Two More Carbon-Footprint Calculations

posted earlier about my first carbon-footprint calculation attempt, on carbonfootprint.com and thought I’d try another couple calculators to see how they compared.

First, I tried The Nature Conservancy‘s calculator. They gather a lot less detailed information than carbonfootprint.com, but also ask some new questions, like how often I check my truck’s air filter and tire pressure. They also have a way to be clear that I’m getting my individual carbon footprint, not that of my household, which was not so clear with carbonfootprint.com. They calculated my carbon footprint as much bigger than carbonfootprint.com, though, at 17 metric tons of CO2 per year: 17.8% on home energy, 64.6% on driving and flying, 2.8% on waste and recycling, and 14.9% on food and diet.

They also provide an opportunity to offset my entire carbon footprint and calculated the cost for me to do was $255: $15 per metric ton. That’s pretty cheap. I’ll have to look into carbon offset schemes and see if they are convincing.

Second, I tried footprintnetwork.org. They try to calculate how many planet earths it would take to support a population living my lifestyle–an interesting way of thinking about it. They gather a lot of the same information as the other sites, like how local is my food and how much I fly and drive. In some areas they gather more details, like how often I eat each of several kinds of animal products, how often I buy new clothes, furniture, appliances, and computer gear, and what kind of siding my house has.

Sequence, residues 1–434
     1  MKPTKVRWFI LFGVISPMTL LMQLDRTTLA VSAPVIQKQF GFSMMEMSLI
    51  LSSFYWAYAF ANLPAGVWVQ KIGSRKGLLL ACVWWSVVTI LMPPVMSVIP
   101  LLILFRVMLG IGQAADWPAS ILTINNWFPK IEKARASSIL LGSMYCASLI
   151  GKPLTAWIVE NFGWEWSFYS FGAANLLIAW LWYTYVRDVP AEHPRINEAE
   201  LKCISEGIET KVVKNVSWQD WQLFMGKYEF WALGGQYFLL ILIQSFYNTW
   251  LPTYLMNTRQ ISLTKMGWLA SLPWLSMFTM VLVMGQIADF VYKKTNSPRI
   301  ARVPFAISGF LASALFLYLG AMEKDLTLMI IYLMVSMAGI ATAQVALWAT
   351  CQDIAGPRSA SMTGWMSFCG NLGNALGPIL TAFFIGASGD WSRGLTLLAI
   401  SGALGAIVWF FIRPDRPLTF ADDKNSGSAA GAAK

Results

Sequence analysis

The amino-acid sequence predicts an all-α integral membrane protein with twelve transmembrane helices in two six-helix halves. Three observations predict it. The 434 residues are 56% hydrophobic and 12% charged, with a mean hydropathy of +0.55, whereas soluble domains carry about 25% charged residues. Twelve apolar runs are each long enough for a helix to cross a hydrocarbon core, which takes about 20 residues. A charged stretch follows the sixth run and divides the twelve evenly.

This site estimates that if everyone lived like I do, we would need 3.5 planet Earths to sustain us. They suggested several ideas that would decrease my footprint: .1 of an Earth if I half my animal product consumption, .2 of an Earth if I “pledge to use less packaging,” .1 of an Earth if I use public transportation once a week, and .1 of an Earth if I do not fly this year because I chose “a local vacation.”

If I did all of these things we would need only three Earths to sustain us all at my standard of living. Half of an Earth’s savings is nothing to scoff at, but doesn’t really get us there. Plus, I already use very little packaging, and do not often fly for vacations.

They estimate how many “global acres of the Earth’s productive area” my lifestyle requires:  7 acres “energy land,” 2 acres “crop land,” 1 acre “grazing land,” 2.5 acres “forest land,” .5 acres “built up land,” and .25 acres “fishing grounds.”

They also calculate my “ecological footprint” percent by category: 52% in services, 11% in goods, 12% in mobility, 4% in shelter, and 16% in food.

Something is wrong about these calculations, but I’d need more details to know what. Half of my land-use is for energy, but half of my footprint is in “services.” What are these services that are using so much energy?

Still, a picture emerges. I have estimates of 10.41, 13.7, and 17 metric tons of CO2 per year, approximately 3-5 times as much as an ethical target. I probably create the most CO2 by burning fuel, driving and flying.

(This post was originally published here on Nathen’s Miraculous Escape.)

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Prickly Pears from Elise & Wolf

Reanna and I picked up a truckload of prickly pear pads of several kinds from our friends, Elise and Wolf. They are not a kind of prickly pear that is native to this part of the desert, but they grow well here. They said to plant them with the bottom pad about half underground and to water them for the first month. After that, they shouldn’t need water. And we can look forward to them growing quickly and producing yellow and salmon flowers, plus edible fruits. The rounder ones grow up a couple feet but stay close to the ground. The longer ones (like just to the right of Reanna) grow taller, six feet or so.

Reanna Planting Prickly Pear
(This post was originally published as “Planting Prickly Pear From Elise & Wolf” on Nathen’s Miraculous Escape.)